We recently had the opportunity to jump aboard Furuno’s new project boat, a Cruise Craft Explorer 625 with enough electronics to equip a small battleship. Apart from a full dash of screens, Cruise Craft pulled out all stops and maximised the bilge space to fit in a brace of transducers.
We spent a day out on the water on the new craft and came away mighty impressed with its fish-finding capabilities. We also used the opportunity to sample the equipment in a variety of ways in order to better explain the latest developments in fish-finding electronics, what to look for in a fish-finder and how they can be used for maximum effect.
It should be noted that there is a wide variety of systems on offer from various manufacturers, but many share the same fundamental operating systems, terminology and graphics. The differences are in the number of features offered, size of display, power, and price.
First off, you have to decide exactly what it is you really need in a sounder. For instance, if you’re typically bottom-bouncing in deep water, you might want to look at the top end of the range, as these units will likely offer more accurate identification of fish and deep-water features. But then again, the same units might be just as useful for sorting whiting from weed and reef in shallower situations. You also need to consider the layout of your boat when it comes to the optimum placement for the transducer and screen.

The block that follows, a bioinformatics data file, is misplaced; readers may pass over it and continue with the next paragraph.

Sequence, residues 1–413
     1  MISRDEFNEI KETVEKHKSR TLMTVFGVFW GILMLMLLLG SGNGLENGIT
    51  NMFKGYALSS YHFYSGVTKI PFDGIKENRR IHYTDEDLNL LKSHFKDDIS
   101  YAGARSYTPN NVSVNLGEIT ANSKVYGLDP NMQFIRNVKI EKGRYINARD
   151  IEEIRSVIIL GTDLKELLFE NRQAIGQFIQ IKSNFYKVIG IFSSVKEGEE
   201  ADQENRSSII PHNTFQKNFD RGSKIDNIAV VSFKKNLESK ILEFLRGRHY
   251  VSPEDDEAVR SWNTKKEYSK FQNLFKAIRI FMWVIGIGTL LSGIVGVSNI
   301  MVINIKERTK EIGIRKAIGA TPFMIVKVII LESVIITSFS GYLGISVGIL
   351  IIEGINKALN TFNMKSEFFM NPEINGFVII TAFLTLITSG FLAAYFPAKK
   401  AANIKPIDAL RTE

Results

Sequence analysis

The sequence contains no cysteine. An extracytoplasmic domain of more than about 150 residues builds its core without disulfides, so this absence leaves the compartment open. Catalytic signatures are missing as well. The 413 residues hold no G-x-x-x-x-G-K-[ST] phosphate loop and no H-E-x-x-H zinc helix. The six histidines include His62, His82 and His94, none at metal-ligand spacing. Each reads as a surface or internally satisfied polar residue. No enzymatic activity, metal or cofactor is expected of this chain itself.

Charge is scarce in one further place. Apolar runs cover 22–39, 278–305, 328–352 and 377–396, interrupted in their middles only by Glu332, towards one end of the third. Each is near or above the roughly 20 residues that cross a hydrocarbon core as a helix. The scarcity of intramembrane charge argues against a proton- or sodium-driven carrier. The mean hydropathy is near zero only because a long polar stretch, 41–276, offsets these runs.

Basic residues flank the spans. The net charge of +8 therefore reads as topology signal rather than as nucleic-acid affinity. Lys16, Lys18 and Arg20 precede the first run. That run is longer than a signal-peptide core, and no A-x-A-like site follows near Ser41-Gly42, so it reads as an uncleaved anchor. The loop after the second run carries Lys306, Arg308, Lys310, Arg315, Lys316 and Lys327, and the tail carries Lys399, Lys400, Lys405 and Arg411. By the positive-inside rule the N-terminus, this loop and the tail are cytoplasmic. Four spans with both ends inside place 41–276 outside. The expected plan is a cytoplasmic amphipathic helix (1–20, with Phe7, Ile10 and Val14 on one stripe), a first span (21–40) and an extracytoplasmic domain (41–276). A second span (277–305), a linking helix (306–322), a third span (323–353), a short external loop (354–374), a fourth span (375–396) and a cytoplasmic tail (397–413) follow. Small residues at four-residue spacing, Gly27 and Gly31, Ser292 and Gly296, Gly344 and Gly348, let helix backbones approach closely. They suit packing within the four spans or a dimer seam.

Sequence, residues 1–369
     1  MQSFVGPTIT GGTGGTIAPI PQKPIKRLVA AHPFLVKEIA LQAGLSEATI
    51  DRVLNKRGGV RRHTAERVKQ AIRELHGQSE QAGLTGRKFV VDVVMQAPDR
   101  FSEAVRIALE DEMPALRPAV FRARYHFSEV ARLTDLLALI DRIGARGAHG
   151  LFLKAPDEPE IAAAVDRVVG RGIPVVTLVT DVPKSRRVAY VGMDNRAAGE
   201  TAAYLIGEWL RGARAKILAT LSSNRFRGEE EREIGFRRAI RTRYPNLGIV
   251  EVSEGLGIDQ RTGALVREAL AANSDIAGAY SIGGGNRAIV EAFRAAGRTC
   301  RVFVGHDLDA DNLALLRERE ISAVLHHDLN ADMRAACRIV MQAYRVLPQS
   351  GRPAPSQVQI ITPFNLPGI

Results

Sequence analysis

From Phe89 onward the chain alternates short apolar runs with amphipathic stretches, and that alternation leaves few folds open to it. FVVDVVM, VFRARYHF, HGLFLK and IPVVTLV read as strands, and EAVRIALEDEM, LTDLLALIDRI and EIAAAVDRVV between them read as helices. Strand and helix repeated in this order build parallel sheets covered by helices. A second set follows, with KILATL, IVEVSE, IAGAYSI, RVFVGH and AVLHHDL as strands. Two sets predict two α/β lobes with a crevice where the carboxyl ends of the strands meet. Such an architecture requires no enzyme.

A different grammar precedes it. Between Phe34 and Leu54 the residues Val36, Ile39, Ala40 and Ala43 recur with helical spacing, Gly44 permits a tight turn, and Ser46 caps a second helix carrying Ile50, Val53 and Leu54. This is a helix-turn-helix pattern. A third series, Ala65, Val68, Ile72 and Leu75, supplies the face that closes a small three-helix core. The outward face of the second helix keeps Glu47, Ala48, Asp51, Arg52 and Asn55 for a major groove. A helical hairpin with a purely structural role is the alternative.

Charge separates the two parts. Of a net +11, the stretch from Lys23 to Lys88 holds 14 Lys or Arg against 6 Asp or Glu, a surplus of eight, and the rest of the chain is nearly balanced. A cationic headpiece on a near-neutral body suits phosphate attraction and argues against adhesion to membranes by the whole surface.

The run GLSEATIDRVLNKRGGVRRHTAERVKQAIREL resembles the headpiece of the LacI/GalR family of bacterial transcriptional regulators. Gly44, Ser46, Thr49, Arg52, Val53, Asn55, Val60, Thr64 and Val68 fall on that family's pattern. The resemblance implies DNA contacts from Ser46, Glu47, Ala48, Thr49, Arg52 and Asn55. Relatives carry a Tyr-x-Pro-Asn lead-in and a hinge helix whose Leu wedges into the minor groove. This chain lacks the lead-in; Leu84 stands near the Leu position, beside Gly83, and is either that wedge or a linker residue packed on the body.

To cover what can be a very complex and confusing subject, we’ve broken our guide down into three parts: advice on what to look for when buying a fish-finder, how to use them once you’re out on the water and a general buyers guide featuring some of the latest systems on offer.
We begin by discussing what features you might want to look for when you’re shopping for your new fish-finding weaponry.